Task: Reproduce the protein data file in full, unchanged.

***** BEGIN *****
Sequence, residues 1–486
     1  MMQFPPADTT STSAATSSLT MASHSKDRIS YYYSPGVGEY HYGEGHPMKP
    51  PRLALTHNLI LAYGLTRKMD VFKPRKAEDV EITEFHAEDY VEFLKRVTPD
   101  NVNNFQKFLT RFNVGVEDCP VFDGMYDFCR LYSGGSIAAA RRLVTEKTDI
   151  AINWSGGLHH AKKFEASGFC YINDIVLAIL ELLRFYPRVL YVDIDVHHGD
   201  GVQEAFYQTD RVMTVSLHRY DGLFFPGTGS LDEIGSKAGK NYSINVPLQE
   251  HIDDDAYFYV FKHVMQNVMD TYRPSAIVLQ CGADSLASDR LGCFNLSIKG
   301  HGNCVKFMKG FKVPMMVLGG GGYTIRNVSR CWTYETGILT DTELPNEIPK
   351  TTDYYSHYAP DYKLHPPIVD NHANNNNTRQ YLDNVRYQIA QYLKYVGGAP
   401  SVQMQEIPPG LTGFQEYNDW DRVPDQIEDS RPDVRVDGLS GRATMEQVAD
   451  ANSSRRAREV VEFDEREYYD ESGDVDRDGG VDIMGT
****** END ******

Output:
Sequence, residues 1–486
     1  MMQFPPADTT STSAATSSLT MASHSKDRIS YYYSPGVGEY HYGEGHPMKP
    51  PRLALTHNLI LAYGLTRKMD VFKPRKAEDV EITEFHAEDY VEFLKRVTPD
   101  NVNNFQKFLT RFNVGVEDCP VFDGMYDFCR LYSGGSIAAA RRLVTEKTDI
   151  AINWSGGLHH AKKFEASGFC YINDIVLAIL ELLRFYPRVL YVDIDVHHGD
   201  GVQEAFYQTD RVMTVSLHRY DGLFFPGTGS LDEIGSKAGK NYSINVPLQE
   251  HIDDDAYFYV FKHVMQNVMD TYRPSAIVLQ CGADSLASDR LGCFNLSIKG
   301  HGNCVKFMKG FKVPMMVLGG GGYTIRNVSR CWTYETGILT DTELPNEIPK
   351  TTDYYSHYAP DYKLHPPIVD NHANNNNTRQ YLDNVRYQIA QYLKYVGGAP
   401  SVQMQEIPPG LTGFQEYNDW DRVPDQIEDS RPDVRVDGLS GRATMEQVAD
   451  ANSSRRAREV VEFDEREYYD ESGDVDRDGG VDIMGT